But we do away with all that – in the interests of easing “catching up” conversation – by going for the $22 a head banquet.

Eliza has us all laughing with stories of how her PR gig came unstuck and we quickly and in some depth swap notes on how we’re both faring these days, she as online editor and social media honcho … back at the Addy.

It’s a great role for her, I reckon.

But Bennie and I are just as delighted to have she and Josh as new neighbours, and excited to introduce them – for the first time – to the delights of Ethiopian food and injera.

They take to them with gusto – and so they should, as the Kobeb banquet spread is top-notch.

All is fresh, hot and tasty.

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We get two kinds of lamb tibs – the regular “white” and the more spicy and red “Kokeb” tibs. Both very good.

There’s the chopped greens of gomen wot and the delicious and chunky carrot, cabbage and potato of cabbage wot.

And, of course, lentils a couple of ways.

Best of all, though, is the shiro, which is served separately from an earthenware pot.

It’s a hot, spicy split pea soup/stew flavoured with berbere.

There’s plenty of food for our admission fee, and we even take Helen up on her offer to top up our supplies of the vegetable dishes and injera.

Some of the cool, crisp contrast usually offered by the presence of tangily-dressed lettuce, cucumber and tomato would have been a bonus.

As our meal and the eating of it wind down, Bennie gets a case of the restless – so we send him off on the daunting challenge of finding us somewhere that is doing dessert relatively late at night and relatively early in the week in Footscray central.

Success!

So we all troop off to the Korean joint Snowtree.

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To my surprise, they’re still serving what look like pretty acceptable Korean dinners – so maybe this is somewhere to take note of as being (maybe) open when all else is closed hereabouts.

But we make to do with a couple of serves of their “Snowtree Belgium waffle” ($7.50).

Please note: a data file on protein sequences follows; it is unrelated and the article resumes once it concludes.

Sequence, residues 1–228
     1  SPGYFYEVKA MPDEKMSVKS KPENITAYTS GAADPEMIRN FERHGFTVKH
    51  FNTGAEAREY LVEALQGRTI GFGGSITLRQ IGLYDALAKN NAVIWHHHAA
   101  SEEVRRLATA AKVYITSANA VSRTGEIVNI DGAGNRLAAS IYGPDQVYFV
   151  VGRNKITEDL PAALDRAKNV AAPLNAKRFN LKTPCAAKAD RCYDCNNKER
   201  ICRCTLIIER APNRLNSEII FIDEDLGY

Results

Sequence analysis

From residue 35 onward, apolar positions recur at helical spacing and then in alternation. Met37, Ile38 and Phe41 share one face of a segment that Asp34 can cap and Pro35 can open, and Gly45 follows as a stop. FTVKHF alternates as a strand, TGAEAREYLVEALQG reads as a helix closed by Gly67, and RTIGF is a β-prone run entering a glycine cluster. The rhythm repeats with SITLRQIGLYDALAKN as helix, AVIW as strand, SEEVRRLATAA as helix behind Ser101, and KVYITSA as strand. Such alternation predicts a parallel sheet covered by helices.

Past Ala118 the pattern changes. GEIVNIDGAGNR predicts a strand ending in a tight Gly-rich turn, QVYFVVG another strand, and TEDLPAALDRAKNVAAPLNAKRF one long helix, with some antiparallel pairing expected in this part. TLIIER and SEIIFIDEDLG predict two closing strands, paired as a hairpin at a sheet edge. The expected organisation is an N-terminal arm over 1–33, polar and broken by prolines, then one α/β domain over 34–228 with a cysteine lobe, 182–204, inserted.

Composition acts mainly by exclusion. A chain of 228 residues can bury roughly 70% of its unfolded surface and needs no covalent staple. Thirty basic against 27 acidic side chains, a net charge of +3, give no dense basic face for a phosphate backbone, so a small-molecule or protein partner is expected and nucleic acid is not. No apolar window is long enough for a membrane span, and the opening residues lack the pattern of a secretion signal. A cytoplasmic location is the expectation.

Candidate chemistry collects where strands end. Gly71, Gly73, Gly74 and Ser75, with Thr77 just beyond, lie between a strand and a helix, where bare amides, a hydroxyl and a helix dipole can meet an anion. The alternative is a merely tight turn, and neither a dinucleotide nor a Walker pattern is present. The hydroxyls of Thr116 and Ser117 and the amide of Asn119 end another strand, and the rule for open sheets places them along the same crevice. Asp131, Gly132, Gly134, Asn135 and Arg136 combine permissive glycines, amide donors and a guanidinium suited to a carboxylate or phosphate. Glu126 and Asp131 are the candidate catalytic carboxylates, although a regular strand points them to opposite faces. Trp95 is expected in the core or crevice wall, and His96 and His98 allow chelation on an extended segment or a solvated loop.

The waffles are just OK and the cream, I’m almost certain, comes from a can; but all is wolfed down anyway – including all the fruit and the frozen yogurt.

Welcome to the ‘hood, Eliza and Josh, and – yes – we’ll be making the housewarming!

 

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Waffee Waffles + Coffee

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Waffee Waffle + Coffee, 25 Harrington Square, Altona. Phone: 9398 1689

We do breakfast out less than a handful of times a year, so are quite happy to really indulge when we do.

As in lashings of rashers or, as in this case, wonderfully sticky and chewy waffles.

There’s another reason to check out Waffee at breakfast time – out first effort to do so quickly resulted in us learning there’s no Saturday lunch to be had.

That’s fair enough, as there’s no savoury element to be found here at all.

Waffee is a small and seemingly often busy and much-cherished cafe in Altona’s Harrington Square.

There’s a communal table for about six people, a couple of tables for two and some stools at the window bench, where set up shop.

We go for the “half dozen assorted” for $15, including blueberry, cinnamon, chocolate glazed, raspberry white chocolate and hot cross.

Each waffle is served tucked neatly into its own “open” brown paper bag.

They’re semi-crispy on the outside, with a lot more substance than your usual waffle. In fact, they’re quite dense and chewy. And filling …

These waffles are made, I am told, in the style of Belgian city of Liege and are fully meant to be heavier and chewier.

Whatever the girth dynamics, they’re delicious … and, unsurprisingly, where dad prefers the more austere cinnamon, Bennie fully loves the likes of the chocolate glazed.

The waffles go super fine with our very good cafe latte and hot chocolate.

Quite apart from the cool waffles and coffee, the service here is a strong reason to return – it’s very much of the smiling, friendly and door-opening variety.

Much obliged!